Lessons Learned Project Management is a process that is often bypassed. That’s because project managers and team members are sick of talking about the project they have worked on for months. Skipping the lessons learned process says to your team, “This project is too small to do any of that fancy lessons learned stuff. Let’s save some time and just start the next project.” What you are “saving” is possibly 60 minutes of time. What you are losing is valuable information about what went well and what did not during every phase of the project you just completed. The lessons learned information includes your project’s plans, schedules and templates. It also includes estimates of time and duration that are realistic, not “plucked from the sky.” All this lessons learned data from past projects is used to avoid “reinventing the wheel” on future projects.
An organization that doesn’t require a lessons learned process is denying itself the opportunity to improve overall project performance by learning from earlier mistakes. If project managers don’t conduct lessons learned meetings and archive their plans, schedules, templates and forms, the next project managers will waste many hours. Even worse, they and the team will make the same mistakes on future projects because they didn’t learn from past projects. Lessons Learned Main Page
Lessons Learned Project Management Process: Step One
Here’s how the Lessons Learned Project Management process should work. First, you need to assemble your project team, the sponsor and maybe a stakeholder or two. In that meeting, you identify any mistakes made on the just-completed project and things you could do better next time. It’s always good to start by getting the team’s feedback on how you did as the project manager. Ask for their opinions about your performance in initiating the project, developing the plan, creating the schedule, estimating costs and duration and solving problems. Then ask about how useful your status reporting was. In all those areas, ask how you could do better next time. Some project managers get defensive about the criticism and they don’t welcome the team’s suggestions. But your willingness to accept constructive criticism makes the others accept it when it’s their turn to get feedback on their performance.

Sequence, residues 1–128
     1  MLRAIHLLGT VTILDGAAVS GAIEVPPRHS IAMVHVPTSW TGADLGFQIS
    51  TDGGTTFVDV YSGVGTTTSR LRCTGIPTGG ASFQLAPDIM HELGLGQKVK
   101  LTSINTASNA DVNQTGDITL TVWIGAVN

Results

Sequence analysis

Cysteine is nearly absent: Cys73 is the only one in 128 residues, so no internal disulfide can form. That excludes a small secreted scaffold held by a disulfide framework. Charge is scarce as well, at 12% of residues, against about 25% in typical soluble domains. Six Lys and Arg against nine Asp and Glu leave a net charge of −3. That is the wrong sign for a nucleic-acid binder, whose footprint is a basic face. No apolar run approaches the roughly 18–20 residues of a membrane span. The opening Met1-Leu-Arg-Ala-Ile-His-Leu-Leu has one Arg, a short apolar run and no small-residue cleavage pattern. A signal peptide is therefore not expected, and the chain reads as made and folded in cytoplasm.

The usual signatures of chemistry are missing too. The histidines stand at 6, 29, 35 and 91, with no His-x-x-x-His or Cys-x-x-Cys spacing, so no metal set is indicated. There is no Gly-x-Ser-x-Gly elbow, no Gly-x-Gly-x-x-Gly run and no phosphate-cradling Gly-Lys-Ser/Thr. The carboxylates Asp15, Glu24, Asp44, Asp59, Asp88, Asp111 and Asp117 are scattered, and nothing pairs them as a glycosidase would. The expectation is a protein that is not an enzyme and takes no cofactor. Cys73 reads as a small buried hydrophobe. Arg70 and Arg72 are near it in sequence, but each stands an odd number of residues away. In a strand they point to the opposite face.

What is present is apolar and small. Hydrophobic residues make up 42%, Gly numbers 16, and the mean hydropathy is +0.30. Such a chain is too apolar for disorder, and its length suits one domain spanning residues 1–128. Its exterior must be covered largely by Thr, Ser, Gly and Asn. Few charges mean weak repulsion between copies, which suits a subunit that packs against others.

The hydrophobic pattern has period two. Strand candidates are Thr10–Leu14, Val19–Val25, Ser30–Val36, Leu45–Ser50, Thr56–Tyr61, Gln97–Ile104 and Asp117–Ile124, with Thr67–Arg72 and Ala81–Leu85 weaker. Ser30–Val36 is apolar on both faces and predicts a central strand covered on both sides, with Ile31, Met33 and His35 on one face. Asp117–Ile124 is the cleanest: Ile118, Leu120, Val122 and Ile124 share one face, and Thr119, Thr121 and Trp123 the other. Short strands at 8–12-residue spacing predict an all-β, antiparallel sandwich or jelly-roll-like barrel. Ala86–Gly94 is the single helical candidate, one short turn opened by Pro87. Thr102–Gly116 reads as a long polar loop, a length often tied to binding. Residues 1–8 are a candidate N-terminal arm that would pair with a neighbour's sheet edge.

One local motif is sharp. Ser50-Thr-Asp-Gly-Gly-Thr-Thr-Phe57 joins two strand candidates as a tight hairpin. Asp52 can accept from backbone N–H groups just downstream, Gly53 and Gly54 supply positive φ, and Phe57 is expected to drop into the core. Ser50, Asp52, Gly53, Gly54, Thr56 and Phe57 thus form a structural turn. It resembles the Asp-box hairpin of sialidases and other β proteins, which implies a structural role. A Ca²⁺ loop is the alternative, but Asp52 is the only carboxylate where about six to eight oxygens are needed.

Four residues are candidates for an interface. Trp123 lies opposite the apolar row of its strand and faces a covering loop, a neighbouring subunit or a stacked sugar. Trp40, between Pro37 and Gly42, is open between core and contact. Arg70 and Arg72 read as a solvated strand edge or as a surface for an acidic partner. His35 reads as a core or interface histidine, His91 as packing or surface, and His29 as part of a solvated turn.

Lessons Learned Project Management Process: Step Two
The Lessons Learned Project Management session is a project manager’s best opportunity to train a project sponsor. After taking your criticisms from the group, you might step through the stages of the project and ask everyone what they might have done better on planning, estimating and solving problems. Minor suggestions about how a sponsor’s time investment would have avoided a problem can have a big impact next time. You write down all the ideas for doing things better and send everyone a copy. The hope is that it will positively affect future behavior. Lessons Learned Questions
Lessons Learned Project Management Process: Step Three
Before you file away the lessons learned ideas and send everyone a copy, you have one more task. Gather up the estimates of the work duration and cost you made during planning. Then compile the data you have on how long each task actually took and how much it actually cost. That will help improve the estimates on similar projects in the future. The easy way to archive it is to save your Microsoft Project® file. It is easy to store and access next time. The last elements to save are the project plans you produced for the just-completed project. Having those available to use on the next project can save a lot of time.
Spending an hour of your time on the Lessons Learned Project Management process is a wise investment that pays big returns on future projects.
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